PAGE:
At Commonfund, we believe diverse managers offer clients access to investment talent and valuable investment opportunities and therefore should be explored and invested in. Overlooking the merits of these managers is a lost opportunity for clients, their portfolios and the missions they serve.
Notwithstanding their demonstrable merits, over the course of our searches for diverse managers across equity, fixed income and hedge funds, we noticed divergences in the relative availability of these managers as compared to their associated broader investment groups. Using the eVestment database, which primarily covers equity, fixed income and hedge fund manager listings, we identified 268 investment firms with 25 percent or greater women or minority ownership. These firms manage 1,094 investment products, a dismayingly small subset of the total universe of 4,437 firms and 24,870 funds.
Not surprisingly, many of these managers are clustered around the traditional asset classes, and within those asset classes, they appear to invest in strategies with the highest perceived demand.
For example, of the 61 percent of managers focused on equities, 59 percent isolate their investments to U.S. equities. And indeed, this percentage is not far off the broader eVestment universe where 52 percent of equity managers invest in U.S. equities. Likewise, for fixed income, within 22 percent of the diverse manager universe, 79 percent of managers focus on investment grade or core strategies. Staying close to the locus of the strongest sources of U.S. investor demand makes logical sense, particularly given the difficulty diverse managers tend to experience in raising capital.
The flip side to this is that the distribution of diverse managers away from the core strategies and investment styles is thin, with few managers to choose from on both an absolute and relative basis. This is especially pronounced when it comes to hedge funds, where these managers are significantly under-represented. One oft-sighted reason is higher barriers to entry to launch hedge funds. For diverse managers, these barriers start with the investment industry’s broad under-investment in women and minority investment talent and mentorship. This under-investment leads to fewer women and minorities developing the necessary skill sets to launch their own funds, especially strategies which require higher levels of expertise. Other barriers include access to capital, with many minorities not having access to significant savings or friends and family financial backing. And these barriers are in addition to the usual track record, regulatory and operational hurdles to launching and running a successful hedge fund.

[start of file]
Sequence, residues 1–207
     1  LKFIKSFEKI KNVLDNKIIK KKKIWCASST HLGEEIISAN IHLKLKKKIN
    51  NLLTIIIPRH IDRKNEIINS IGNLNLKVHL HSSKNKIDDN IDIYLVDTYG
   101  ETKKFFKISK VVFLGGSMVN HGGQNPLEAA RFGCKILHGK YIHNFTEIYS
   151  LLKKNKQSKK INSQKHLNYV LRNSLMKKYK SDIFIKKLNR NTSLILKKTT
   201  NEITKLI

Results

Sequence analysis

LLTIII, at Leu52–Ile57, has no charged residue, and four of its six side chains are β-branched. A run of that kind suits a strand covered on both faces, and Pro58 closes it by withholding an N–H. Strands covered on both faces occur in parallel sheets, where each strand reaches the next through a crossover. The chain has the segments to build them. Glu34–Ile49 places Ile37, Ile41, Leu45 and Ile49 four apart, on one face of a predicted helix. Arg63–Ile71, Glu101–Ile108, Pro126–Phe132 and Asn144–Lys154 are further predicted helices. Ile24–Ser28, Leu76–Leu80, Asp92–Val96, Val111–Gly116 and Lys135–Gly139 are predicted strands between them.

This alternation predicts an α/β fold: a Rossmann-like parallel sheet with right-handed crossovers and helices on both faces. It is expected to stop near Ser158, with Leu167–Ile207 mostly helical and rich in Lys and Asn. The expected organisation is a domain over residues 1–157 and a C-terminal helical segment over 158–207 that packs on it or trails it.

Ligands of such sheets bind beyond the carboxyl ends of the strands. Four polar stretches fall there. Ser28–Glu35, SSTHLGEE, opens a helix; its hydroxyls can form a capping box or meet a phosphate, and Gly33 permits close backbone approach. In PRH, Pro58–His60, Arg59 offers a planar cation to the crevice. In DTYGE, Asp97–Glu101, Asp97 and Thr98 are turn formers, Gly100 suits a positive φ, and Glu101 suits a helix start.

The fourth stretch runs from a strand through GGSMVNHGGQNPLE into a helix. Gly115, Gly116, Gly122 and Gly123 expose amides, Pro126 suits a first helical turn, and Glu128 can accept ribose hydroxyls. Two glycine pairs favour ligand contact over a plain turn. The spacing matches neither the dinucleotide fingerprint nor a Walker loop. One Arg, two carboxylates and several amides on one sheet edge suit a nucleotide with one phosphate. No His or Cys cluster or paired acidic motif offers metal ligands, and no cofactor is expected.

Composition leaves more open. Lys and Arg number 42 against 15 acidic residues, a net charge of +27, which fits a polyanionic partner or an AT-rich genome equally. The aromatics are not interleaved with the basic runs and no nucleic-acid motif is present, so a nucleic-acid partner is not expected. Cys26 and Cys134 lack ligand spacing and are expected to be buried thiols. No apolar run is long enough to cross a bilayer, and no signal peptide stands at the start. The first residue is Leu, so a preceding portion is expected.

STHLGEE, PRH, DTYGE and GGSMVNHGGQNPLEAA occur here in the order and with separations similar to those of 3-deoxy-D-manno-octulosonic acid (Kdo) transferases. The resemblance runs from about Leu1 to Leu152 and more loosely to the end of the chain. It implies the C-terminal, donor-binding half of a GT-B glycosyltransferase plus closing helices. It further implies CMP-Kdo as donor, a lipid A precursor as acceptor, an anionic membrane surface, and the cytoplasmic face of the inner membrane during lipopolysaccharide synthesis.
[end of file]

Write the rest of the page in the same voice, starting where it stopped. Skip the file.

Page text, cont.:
We are however, encouraged by what appears to be a steadily increasing flow of news and industry coverage on these managers, including the recent SEC Asset Management Advisory Committee webcast. As industry leaders become more attuned to the talent gap within their organizations and investor awareness of the benefits of investing in diverse managers rises, we hope that not only will the assets invested in diverse managers increase but that diverse managers with specialized skill sets will rise to meet this new and much deserved demand with the launch of more investment options.